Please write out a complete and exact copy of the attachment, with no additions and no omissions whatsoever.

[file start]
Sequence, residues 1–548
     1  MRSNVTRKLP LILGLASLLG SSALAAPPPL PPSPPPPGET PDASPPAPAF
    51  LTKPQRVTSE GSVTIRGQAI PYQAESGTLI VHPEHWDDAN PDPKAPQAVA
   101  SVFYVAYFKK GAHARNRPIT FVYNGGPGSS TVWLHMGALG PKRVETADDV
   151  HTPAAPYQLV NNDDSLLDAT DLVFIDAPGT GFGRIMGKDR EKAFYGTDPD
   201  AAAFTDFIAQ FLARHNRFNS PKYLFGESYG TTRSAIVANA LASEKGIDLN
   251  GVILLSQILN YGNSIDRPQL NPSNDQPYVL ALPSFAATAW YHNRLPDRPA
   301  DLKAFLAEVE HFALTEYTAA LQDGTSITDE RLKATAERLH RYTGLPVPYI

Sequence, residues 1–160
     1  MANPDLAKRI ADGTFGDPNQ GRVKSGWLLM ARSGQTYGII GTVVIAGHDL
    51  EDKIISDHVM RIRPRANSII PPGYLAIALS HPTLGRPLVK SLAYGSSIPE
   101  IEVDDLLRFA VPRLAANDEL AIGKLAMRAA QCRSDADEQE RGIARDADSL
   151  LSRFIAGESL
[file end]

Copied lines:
Sequence, residues 1–548
     1  MRSNVTRKLP LILGLASLLG SSALAAPPPL PPSPPPPGET PDASPPAPAF
    51  LTKPQRVTSE GSVTIRGQAI PYQAESGTLI VHPEHWDDAN PDPKAPQAVA
   101  SVFYVAYFKK GAHARNRPIT FVYNGGPGSS TVWLHMGALG PKRVETADDV
   151  HTPAAPYQLV NNDDSLLDAT DLVFIDAPGT GFGRIMGKDR EKAFYGTDPD
   201  AAAFTDFIAQ FLARHNRFNS PKYLFGESYG TTRSAIVANA LASEKGIDLN
   251  GVILLSQILN YGNSIDRPQL NPSNDQPYVL ALPSFAATAW YHNRLPDRPA
   301  DLKAFLAEVE HFALTEYTAA LQDGTSITDE RLKATAERLH RYTGLPVPYI

Sequence, residues 1–160
     1  MANPDLAKRI ADGTFGDPNQ GRVKSGWLLM ARSGQTYGII GTVVIAGHDL
    51  EDKIISDHVM RIRPRANSII PPGYLAIALS HPTLGRPLVK SLAYGSSIPE
   101  IEVDDLLRFA VPRLAANDEL AIGKLAMRAA QCRSDADEQE RGIARDADSL
   151  LSRFIAGESL